The size of these molded planters is usually 2 feet or less in length and width and a foot or less deep. A plastic tub can serve as a mold, or one can be constructed out of 2-inch foam insulation board, plywood, or cardboard. Those who get into "hypertufing" find they begin looking at all manner of materials and objects as potential forms.
Whether it's tomato sauce, pie crust, or hypertufa pots, there are endless theories as to the best recipe. Try different ones until you find what works best for you. My foremost recommendation is to include the use of concrete reinforcement fiber. This can be difficult to find but well worth the effort. Try going directly to a concrete company. Another suggestion is to first take a hypertufa class before striking out on your own. Check out local garden centers, botanical gardens, Master Gardener groups, or others for classes.
The hands-down best source for information on making and using hypertufa containers is Creating and Planting Garden Troughs by Joyce Fingerut and Rex Murfitt (B.B. Mackey Books, 1999; $21). On the Internet, try:
1. The Basics - Hypertufa 101: http://www.timpyworks.com/pamphlets/hypertufa-101/101.html;
2. Instructions for Making a Hypertufa Trough or Pots: http://faq.gardenweb.com/faq/lists/hypertufa/2003041457026765.html;
3. Make a Hypertufa Trough: http://www.taunton.com/finegardening/print.aspx?id=84064.
Gardening in Hypertufa Containers
Any plant that you would grow in a container can potentially be grown in a hypertufa pot, but these stone look-alikes are particularly suited for alpine plants, dwarf conifers, and succulents. Of these, it is the succulents that have most recently captured the imagination of gardeners. The "why now" of this is immaterial to this discussion, but the "why" is obvious. Succulents are not only considered easy to grow (not always the case) but their fleshy leaves, stems, or stem-root structures often have fascinating architectural appeal.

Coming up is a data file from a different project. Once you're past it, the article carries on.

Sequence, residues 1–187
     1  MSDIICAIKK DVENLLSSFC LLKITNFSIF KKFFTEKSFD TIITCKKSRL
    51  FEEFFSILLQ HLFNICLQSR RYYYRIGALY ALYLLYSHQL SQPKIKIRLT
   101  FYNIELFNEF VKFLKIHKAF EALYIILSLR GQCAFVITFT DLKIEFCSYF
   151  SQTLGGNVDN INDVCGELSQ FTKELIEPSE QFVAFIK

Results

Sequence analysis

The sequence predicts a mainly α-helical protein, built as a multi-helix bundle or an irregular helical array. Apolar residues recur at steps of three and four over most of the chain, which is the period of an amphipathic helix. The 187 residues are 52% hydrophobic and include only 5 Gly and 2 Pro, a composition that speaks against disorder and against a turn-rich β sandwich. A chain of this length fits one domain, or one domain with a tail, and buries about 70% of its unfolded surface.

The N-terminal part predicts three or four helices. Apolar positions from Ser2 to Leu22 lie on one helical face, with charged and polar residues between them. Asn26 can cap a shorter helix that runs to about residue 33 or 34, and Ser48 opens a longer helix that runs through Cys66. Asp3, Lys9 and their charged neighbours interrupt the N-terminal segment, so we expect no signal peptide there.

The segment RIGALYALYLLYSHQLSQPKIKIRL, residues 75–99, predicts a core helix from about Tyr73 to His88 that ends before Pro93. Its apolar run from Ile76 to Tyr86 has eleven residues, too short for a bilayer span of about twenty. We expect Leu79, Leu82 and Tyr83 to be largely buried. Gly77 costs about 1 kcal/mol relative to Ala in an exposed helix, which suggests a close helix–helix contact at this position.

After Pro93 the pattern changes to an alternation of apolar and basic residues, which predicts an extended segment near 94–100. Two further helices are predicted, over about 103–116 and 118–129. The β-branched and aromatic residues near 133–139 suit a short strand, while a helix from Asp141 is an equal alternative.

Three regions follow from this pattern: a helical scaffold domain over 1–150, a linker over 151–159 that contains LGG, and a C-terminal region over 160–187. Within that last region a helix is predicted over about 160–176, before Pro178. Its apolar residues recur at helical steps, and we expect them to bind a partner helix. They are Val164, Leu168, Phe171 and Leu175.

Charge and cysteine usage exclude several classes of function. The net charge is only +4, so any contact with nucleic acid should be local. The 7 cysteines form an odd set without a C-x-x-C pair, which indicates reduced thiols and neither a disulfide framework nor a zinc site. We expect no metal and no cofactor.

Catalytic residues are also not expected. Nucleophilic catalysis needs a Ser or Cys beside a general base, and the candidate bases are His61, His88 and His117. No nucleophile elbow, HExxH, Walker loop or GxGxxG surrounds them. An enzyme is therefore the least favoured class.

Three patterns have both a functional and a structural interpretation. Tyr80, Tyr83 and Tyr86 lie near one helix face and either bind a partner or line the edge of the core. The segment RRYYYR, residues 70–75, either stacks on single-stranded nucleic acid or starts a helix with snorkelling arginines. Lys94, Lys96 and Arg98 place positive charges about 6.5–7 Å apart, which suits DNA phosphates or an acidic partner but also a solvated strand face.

Those of us of a certain age who grew up around gardens probably had the childhood intrigue with hens-and-chicks, Sempervivum tectorum. Producing clusters of leaf rosettes, these mat-forming succulents are quite hardy and drought tolerant. As we become more conscious of the need for less thirsty plants, hens-and-chicks, as well as many other hardy succulents, have come to the fore. Although they can be grown directly in the garden or on green roofs, they manage quite well in containers, too. Containers that can be sheltered in winter give us an opportunity to grow the less hardy ones.
Local garden centers are beginning to offer a wider range of succulents, but specialist mail-order nurseries continue to be the source for the widest range of these plant forms. To learn more about succulents, one of the best places to begin is The Succulent Plant Page (http://www.succulent-plant.com/home.html). The author, Richard Hodgkiss, is a British cancer researcher with a passion for succulents. In addition to descriptions and photographs of the major succulent plant families, there is also information about growing succulents, sources for plants, an extensive list of books on the subject, and much more.